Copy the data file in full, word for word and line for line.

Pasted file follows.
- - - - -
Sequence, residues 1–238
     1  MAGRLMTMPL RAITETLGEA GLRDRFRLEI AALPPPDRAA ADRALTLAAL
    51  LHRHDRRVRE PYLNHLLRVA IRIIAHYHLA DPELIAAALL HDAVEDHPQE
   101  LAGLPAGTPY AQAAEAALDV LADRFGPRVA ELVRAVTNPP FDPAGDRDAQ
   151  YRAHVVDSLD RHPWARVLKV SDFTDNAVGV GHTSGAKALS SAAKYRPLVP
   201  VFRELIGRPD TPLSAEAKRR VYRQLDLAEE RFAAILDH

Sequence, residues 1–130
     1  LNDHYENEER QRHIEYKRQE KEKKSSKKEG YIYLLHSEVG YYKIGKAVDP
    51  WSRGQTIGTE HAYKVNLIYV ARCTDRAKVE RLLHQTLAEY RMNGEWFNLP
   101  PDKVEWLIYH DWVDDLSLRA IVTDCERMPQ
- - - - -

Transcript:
Sequence, residues 1–238
     1  MAGRLMTMPL RAITETLGEA GLRDRFRLEI AALPPPDRAA ADRALTLAAL
    51  LHRHDRRVRE PYLNHLLRVA IRIIAHYHLA DPELIAAALL HDAVEDHPQE
   101  LAGLPAGTPY AQAAEAALDV LADRFGPRVA ELVRAVTNPP FDPAGDRDAQ
   151  YRAHVVDSLD RHPWARVLKV SDFTDNAVGV GHTSGAKALS SAAKYRPLVP
   201  VFRELIGRPD TPLSAEAKRR VYRQLDLAEE RFAAILDH

Sequence, residues 1–130
     1  LNDHYENEER QRHIEYKRQE KEKKSSKKEG YIYLLHSEVG YYKIGKAVDP
    51  WSRGQTIGTE HAYKVNLIYV ARCTDRAKVE RLLHQTLAEY RMNGEWFNLP
   101  PDKVEWLIYH DWVDDLSLRA IVTDCERMPQ